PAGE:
Jessica’s friend was subjected to abuse by her mother as a teenager, forcing her into strict dietary controls to maintain her child star image. As an adult, the mother then tries to bribe her daughter by offering her information in return for rekindling their relationship.

The friend also ends up for part of the series being in an intimate relationship with a man who, 48 hours earlier, had seriously beaten and strangled her. Why would she let such a person into her life? Why would she ever trust him, a total stranger, after such a short time?  She refers to him by his surname for most of the series – very distancing.

Few of the relationships in the series are healthy. The brother and sister who live upstairs are in some kind of constant, horrible argumentative situation. She says it’s because he’s special and can’t manage on his own. But she treats him appallingly and bullies him verbally – it’s abusive.

Jessica’s lawyer-contact treats her ex dreadfully, then is a victim herself as her new paramour (her secretary whose boobs are constantly on display in dresses that barely wrap-over) uses her sexuality to exercise her power and manipulate her.

The only character who seems anyway decent and whom I enjoyed watching was Luke – absent from much of the storyline, but a real note of compassion and empathy when present. And he was the only one who, as I recall, didn’t take advantage of anyone, apart from when under the influence of the Big Bad. In fact, he could be viewed as a victim himself to a lesser extent as the woman he was seeing at the start neglected to tell him that she was married. He wasn’t happy to have been lied to.

So with the majority of the characters being abuse victims in one form or another, the series should have been treading carefully in how it portrays the abused. But It didn’t. The fact that everyone was vulnerable because of previous events was a convenient plot point rather than a character detail.

Only Luke had any redeeming features. Many of Jessica’s plans came across as idiotic and ill-thought through by a sulky protagonist – when actually her actions were the result of PTSD and a skin-full of whiskey.

The more time I spent with these people, the more I got annoyed by the lack of empathy regarding their backstories. Don’t ask me how they should have done it – I have no idea, but I know that the tone just wasn’t right for me.

I’ve read several articles which really praise this series for the empowering stance it takes, and good if that’s how it came across to you. But for all the reasons above, I’m glad it’s over.


Excited to have been present to see this film as the closing event of Leeds International Film Festival a week ahead of its official UK opening.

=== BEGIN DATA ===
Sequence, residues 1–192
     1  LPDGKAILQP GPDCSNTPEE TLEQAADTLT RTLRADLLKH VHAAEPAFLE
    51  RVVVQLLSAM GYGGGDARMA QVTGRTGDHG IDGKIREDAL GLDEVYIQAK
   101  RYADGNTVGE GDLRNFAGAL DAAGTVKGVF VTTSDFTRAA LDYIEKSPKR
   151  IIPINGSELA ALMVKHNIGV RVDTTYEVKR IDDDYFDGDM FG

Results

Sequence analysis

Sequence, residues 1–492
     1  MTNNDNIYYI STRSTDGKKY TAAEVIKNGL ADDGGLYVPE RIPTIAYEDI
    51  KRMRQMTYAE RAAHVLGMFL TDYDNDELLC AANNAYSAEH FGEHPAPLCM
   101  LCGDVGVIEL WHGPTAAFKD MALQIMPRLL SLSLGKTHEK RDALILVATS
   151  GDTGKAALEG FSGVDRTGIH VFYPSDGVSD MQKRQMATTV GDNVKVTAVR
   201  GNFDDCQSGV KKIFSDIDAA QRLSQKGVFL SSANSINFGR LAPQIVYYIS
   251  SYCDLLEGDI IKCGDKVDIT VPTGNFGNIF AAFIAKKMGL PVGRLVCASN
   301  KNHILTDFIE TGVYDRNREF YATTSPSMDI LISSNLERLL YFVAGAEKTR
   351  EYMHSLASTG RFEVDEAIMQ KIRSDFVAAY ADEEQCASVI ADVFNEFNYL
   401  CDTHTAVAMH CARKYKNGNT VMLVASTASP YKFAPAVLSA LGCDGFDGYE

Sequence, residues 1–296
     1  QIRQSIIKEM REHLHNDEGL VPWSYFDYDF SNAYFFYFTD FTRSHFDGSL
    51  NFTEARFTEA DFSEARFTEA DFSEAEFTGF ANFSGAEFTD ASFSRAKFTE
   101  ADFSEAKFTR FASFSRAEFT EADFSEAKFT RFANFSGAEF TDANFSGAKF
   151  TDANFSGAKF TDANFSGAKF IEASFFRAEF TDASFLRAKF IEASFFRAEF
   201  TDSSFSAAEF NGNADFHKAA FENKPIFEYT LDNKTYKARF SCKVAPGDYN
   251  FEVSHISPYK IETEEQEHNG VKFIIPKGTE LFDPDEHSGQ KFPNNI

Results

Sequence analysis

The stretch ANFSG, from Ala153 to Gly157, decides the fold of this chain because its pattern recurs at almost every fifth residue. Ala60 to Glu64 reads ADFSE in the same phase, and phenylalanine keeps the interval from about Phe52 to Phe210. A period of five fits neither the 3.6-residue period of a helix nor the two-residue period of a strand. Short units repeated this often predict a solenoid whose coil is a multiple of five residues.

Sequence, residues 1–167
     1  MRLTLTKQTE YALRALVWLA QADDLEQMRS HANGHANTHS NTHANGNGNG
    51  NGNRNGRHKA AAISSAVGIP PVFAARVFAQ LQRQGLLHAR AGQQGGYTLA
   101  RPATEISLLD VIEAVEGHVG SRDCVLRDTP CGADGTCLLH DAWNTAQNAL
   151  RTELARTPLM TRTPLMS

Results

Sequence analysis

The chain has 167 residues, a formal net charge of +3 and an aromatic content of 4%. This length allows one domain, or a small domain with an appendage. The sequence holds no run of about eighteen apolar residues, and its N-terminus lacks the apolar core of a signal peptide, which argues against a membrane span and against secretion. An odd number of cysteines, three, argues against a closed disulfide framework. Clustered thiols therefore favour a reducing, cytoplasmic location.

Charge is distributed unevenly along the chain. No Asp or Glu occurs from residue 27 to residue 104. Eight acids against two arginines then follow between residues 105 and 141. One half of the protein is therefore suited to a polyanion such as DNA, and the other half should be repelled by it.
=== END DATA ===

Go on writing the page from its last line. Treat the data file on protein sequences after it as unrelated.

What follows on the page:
Less excited to walk out of the screening at the end, realising that I wasn’t as in love with this film as I had hoped or expected, given the almost universal swooning going on.

Two outstanding performances from Cate Blanchett and Rooney Mara should have electrified this story. The exquisite costumes and perfect makeup should have transported me back in time. Instead, I found myself thinking “ooh, that’s a bit Brief Encounter“, ” I have a pair of gloves in that shade”, “Jane Wyman had boots like that in All That Heaven Allows“, “I like what he’s doing with the window frames in those shots” all the way through the film. I wasn’t drowning in the sumptuous beauty of the story, setting and characters.

It was only discussing it on the way home afterwards that I realised the real problem – I didn’t like Carol herself. The character (not the actress, not the performance) stopped me from feeling like I could just dive into the story as everyone around me had. She kept me at arm’s length so that I was full of admiration for everything, but lukewarm emotionally.

Of course, it will win everything come awards season. And I may lose some friends over my reaction. But there you have it.


Strange. Skyfall was a step in another direction for Daniel Craig’s Bond, yet this felt like it had leapt back in time to another Bond entirely.While I appreciate the visual mirroring and dialogue echoes from some of the other films in the 50 year old franchise, parts of this seemed badly misjudged, and yes, I am referring to Bond’s interaction(s) with Monica Bellucci’s character. She even looked like she knew she’d been conned into the role.

I’m also beginning to think that Christoph Waltz is getting too easily typecast, and I’d love to see him do something entirely different. And what a waste of Dave Bautista. He’s great in the part, but after casting announcements, I was hoping he would have a more interesting role. And more dialogue.